I recently read an article on Cracked about the way that many classic sci-fi and fantasy films disguise incredibly straight forward stories with amazing worlds. Take Avatar. The movie itself is incredibly straightforward. Many, many people have criticized the fact that it is essentially the same plot as Pocahontas or Dances with Wolves. But the world that Cameron creates is so cool that you don’t care. The point is not the plot, or even the characters.

Not all sci-fi and fantasy have this in common. Some build up expansive worlds and twisty plots, although most of those are books or TV shows (Game of Thrones is a great example of this). And some take a different root entirely, and are more interested in the thematic story they want to tell than in plot, character or world building. Prometheus falls into that last camp.

Prometheus is a visually stunning movie, with a clearly defined aesthetic and at least two fantastic lead performances. It also has an interesting thematic question as it probes the outcomes of one “meeting one’s maker.” What would it be like to meet the person who created you?

It’s a cool question. One could imagine a kick ass Phillip K. Dick story about it, or a really twisty classic Twilight Zone episode. Maybe even an interesting, if high-falluting Star Trek episode from the Next Generation era. The problem, in movie form, though, is that these kind of ideas-as-plot scripts require a careful dedication to the maintenance of world, character, and plot, even if you’re going to keep all three of those things ambiguous and/or subjugated to the necessities of theme. To put it bluntly, Prometheus isn’t smart enough to trick us into ignoring the giant, gaping flaws in its world and its characters in service of its themes.

In order to get at the questions that Prometheus wants to ask, it requires its characters to consistently act mind bogglingly stupid. Like the attractive leads in a horror film, characters regularly ignore logic (oh, that cobra looking alien creature that lives in a tomb with tons of dead aliens in it MUST be friendly), training, and basic motivations. This leads most of the main characters annoying plot movers, including the heart of the film, Elizabeth Shaw (played well, despite the material, by Noomi Rapace).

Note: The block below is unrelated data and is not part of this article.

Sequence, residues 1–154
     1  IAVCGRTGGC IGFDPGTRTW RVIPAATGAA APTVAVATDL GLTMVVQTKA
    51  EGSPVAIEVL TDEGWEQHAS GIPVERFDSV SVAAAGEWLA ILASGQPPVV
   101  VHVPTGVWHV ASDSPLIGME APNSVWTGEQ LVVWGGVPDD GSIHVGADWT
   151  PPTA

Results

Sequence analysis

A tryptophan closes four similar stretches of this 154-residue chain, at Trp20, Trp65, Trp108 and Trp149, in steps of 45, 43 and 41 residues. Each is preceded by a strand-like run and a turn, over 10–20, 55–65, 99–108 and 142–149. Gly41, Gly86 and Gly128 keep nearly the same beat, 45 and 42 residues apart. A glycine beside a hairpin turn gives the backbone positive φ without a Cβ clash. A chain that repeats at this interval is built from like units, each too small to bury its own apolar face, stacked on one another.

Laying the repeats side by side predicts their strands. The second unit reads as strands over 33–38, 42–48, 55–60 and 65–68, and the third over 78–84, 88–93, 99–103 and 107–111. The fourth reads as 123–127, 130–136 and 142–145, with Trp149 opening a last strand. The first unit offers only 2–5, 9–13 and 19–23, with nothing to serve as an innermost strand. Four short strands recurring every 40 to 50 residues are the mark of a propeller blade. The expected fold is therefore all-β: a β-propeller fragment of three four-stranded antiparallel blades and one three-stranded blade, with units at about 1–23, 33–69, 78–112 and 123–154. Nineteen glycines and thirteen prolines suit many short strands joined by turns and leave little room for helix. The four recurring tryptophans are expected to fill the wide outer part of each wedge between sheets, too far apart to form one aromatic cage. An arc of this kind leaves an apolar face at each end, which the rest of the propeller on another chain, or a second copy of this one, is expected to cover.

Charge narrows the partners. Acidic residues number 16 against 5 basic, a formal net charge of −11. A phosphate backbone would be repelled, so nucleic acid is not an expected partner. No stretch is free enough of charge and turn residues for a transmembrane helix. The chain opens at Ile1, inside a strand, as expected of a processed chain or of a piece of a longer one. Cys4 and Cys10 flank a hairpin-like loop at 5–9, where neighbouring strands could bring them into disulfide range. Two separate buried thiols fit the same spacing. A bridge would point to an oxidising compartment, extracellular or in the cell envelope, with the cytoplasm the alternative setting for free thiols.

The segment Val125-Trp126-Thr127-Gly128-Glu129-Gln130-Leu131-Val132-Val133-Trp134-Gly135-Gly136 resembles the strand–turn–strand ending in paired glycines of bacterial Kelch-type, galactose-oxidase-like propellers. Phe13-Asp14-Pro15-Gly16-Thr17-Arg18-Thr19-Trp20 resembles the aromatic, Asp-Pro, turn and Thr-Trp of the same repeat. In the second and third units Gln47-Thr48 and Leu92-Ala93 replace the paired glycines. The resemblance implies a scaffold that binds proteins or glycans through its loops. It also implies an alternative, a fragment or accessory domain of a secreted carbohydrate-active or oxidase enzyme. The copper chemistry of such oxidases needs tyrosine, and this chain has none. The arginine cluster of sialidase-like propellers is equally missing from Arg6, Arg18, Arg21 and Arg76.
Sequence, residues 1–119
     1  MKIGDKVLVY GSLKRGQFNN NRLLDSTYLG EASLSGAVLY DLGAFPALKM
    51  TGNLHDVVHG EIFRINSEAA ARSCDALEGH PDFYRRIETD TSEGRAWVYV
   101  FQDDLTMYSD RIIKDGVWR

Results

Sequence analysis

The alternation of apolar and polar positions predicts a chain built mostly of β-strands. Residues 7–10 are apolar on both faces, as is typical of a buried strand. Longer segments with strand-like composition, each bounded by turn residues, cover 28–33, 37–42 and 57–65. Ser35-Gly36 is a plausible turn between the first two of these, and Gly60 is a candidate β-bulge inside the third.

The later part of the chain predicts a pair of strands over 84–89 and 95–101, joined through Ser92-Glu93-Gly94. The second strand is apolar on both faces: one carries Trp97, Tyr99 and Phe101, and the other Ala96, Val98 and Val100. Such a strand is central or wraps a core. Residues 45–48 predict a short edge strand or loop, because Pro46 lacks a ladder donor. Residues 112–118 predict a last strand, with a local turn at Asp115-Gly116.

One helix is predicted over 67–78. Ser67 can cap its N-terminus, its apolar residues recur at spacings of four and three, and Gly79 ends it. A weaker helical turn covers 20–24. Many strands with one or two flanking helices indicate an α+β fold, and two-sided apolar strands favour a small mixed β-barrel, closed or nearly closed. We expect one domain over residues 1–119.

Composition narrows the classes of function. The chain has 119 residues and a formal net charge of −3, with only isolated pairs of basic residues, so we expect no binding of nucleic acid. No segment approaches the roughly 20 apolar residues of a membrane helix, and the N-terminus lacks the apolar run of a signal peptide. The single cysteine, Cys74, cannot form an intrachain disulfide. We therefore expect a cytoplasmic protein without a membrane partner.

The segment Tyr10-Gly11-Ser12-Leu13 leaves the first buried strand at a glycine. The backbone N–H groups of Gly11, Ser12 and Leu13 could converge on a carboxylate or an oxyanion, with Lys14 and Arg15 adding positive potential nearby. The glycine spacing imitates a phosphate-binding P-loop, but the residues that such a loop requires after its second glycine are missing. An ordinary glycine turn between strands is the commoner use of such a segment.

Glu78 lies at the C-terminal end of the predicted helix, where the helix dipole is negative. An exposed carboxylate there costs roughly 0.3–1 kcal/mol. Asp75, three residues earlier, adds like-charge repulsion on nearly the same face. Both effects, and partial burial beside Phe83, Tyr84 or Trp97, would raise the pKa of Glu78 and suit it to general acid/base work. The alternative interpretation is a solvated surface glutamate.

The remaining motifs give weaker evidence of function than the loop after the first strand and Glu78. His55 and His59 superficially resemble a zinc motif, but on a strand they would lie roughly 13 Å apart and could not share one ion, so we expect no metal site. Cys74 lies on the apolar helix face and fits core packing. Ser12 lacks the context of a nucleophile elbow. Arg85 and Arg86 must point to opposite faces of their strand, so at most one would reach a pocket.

Two characters avoid the idiot trap, but are instead mired in the film’s patent refusal to provide answers to basic plot questions. In a better movie, this would play as the movie requiring the audience to do their part of the thinking. In this movie, it seems like no one actually knew the answers, and so they just hoped that throwing enough spiritual crap around it would make people not notice. These two characters are Charlize Theron’s Meredith Vickers and Michael Fassbender’s David. Vickers plays her cards close to the chest, and for the first half of the movie this seems intentional. You believe that there is something more behind her cold, calculating demeanor. But the movie doesn’t actually have that good a grip on her character, and her decisions in any given scene feel as though they’re cut from different movies.

Fassbender’s David is probably the best thing about the movie. Fassbender gives a nuanced, fascinating portrayal that hits on the movie’s key themes without seeming over bearing. Unfortunately, the movie doesn’t really know/care why he does what he does. The first David scene shows him filling time on the spaceship, playing one-man basketball, watching movies, and exploring the dreams of Elizabeth Shaw. It sets up a fascinating examination of what it means to be human. But then the movie loses that thread. David poisons the male lead, and we never really understand why. Again, it doesn’t feel like this is the result of a smart movie refusing to spell it out for the audience. Instead, it feels like the filmmaker’s just forgot.

When I walked out of Prometheus, surprisingly angry, I began to wonder if there was another, four hour version of the film that made perfect sense and really capitalized on all the cool ideas, fascinating visuals, and fantastic performances that it had at its disposal. Maybe, like Ridley Scott’s classic Blade Runner, we’ll get a Director’s Cut in a few years that addresses all of my problems with the movie. More likely, though, this is a result of a movie thinking that it can get away with crappy plotting and characterization as long as it “asks big questions,” regardless of its lack of answers or even intriguing dialogue to add to the conversation.

Prometheus takes its title from the myth of the Titan punished for bringing humanity fire. It tells the story of a race of creators punished for trying to end life. In between these two really cool ideas could have been a fantastic movie. Instead, it’s a visually stunning mess that suffers from an overabundance of ambition.

SIDE NOTE: As to the Alien connection, after the movie I felt incredibly annoyed at Ridley Scott’s continual coy hints that “it shares some of Aliens DNA,” mainly because that actually spells out the one legitimate surprise in the movie. But mostly, the movie neither takes away from nor adds to the Alien mythos.